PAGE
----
The Gospel of Jesus Christ

Jimmy JoSermons, Thinking about TheologyLeave a Comment

Today will be our final day in this New Year’s series addressing questions and suggestions from the congregation.  I recognize that there are a number of topics that we are skipping, and I apologize for that.  But I hope the dialogue that we’ve been trying to have will continue – in whatever contexts we find ourselves. 

I will say that a couple of people suggested/requested that we look at the book of Hebrews.  And that will actually be our next book study, beginning the 2nd Sunday of March.  So in a sense, we will be continuing to take your suggestions as we think about God, Salvation, and the kingdom life. 

So the topic we are looking at today was suggested as follows: “Jesus Christ/YAHWEH.  Who is this God?  Who is He?”  And with apologies to the person who submitted this, I had some trouble interpreting what the actual question is.  So I will attempt some reflections that are based on this, but I might only be taking it (the submission) as a leaping off point, and I hope you’ll forgive me if I miss the point or intent of the original submission. 

It will likely also be obvious that this is potentially a massive topic and it is impossible to talk about everything, and impossible to address all the nuances in a way that will be satisfactory to everyone.  Nevertheless, we will give it a try. 

So what I want to focus on today, when we think about “who is this Jesus,”  is the idea that Jesus Christ is the revelation of God.  And we’ll talk about a few aspects of this, recognizing again that we can’t talk about all of it.  In order to guide our reflections, we will take a look at three passages from the New Testament that talk specifically about Christology – that is, the study or theology of Christ.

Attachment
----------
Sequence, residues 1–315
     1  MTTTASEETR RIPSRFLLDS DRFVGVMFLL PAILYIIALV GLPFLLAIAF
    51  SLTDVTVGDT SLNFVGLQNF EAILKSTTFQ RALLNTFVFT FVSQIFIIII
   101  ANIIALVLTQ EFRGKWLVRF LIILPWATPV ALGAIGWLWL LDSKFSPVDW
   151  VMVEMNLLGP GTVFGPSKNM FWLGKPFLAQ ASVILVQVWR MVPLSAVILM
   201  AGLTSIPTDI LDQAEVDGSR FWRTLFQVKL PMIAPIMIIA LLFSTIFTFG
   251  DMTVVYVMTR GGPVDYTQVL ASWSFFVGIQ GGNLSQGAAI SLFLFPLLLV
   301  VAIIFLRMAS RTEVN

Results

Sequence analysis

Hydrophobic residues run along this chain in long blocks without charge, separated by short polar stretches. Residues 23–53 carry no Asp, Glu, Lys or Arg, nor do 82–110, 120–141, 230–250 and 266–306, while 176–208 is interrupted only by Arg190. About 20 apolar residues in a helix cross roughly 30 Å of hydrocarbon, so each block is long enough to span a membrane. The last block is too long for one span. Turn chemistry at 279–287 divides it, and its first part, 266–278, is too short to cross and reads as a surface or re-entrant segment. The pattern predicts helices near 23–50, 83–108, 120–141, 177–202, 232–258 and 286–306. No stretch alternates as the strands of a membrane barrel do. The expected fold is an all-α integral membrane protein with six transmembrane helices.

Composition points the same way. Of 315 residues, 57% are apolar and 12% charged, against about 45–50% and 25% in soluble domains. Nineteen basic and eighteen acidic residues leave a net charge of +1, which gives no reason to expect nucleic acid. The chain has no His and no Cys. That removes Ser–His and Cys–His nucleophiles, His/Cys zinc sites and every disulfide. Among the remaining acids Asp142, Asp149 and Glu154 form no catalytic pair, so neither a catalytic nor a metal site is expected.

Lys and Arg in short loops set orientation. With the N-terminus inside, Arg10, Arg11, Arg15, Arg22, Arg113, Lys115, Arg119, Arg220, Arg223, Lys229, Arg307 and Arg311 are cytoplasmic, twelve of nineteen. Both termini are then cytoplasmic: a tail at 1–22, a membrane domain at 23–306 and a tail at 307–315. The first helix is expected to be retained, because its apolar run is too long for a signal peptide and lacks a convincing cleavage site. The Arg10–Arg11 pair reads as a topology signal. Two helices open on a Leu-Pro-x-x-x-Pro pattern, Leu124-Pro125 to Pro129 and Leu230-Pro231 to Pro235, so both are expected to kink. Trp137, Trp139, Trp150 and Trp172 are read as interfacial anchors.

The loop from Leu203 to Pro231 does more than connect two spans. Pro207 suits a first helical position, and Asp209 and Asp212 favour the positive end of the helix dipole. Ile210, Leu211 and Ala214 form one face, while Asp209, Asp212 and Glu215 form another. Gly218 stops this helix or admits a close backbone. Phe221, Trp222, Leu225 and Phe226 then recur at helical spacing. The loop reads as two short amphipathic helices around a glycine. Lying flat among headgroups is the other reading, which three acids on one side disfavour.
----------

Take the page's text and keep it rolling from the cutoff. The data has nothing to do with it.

So, to the first passage.  Again, we will be beginning a study of the book of Hebrews in a couple of weeks time.  And the opening verses of Hebrews say: 

1 In the past God spoke to our ancestors through the prophets at many times and in various ways, but in these last days he has spoken to us by his Son, whom he appointed heir of all things, and through whom also he made the universe. The Son is the radiance of God’s glory and the exact representation of his being, sustaining all things by his powerful word. After he had provided purification for sins, he sat down at the right hand of the Majesty in heaven. So he became as much superior to the angels as the name he has inherited is superior to theirs.

Hebrews 1: 1-4

We will obviously discuss this passage in more depth when we do our study on Hebrews.  And Hebrews as a whole has a lot to say about Christology.  But for the sake of our conversation today, I just want to point out how this passage highlights Jesus as “the radiance of God’s glory and the exact representation of [God’s] being,” which are kind of two ways of saying the same thing (or very similar things).  Essentially, what it’s saying is that when we see Jesus, we see God.   

Jesus Christ, God very God, fully God, God incarnate, is the fullest revelation of God to human beings.  And again, there are a lot of aspects to this; there are a lot of different ways we could think about this.  But I want to highlight what is indicated in this passage:  That is, His atoning death and His exaltation. 

And what this says to me is that in Jesus’ death, we see something of the character of God, the very nature of God.  And in His death, we see the great love that God has for us, for all of creation.  And it’s not just love for love’s sake – that is to say, it’s not some warm and fuzzy feeling, some ill-defined desire to make nice with the prodigal children.  Rather, the love of God for us is informed by God’s holiness.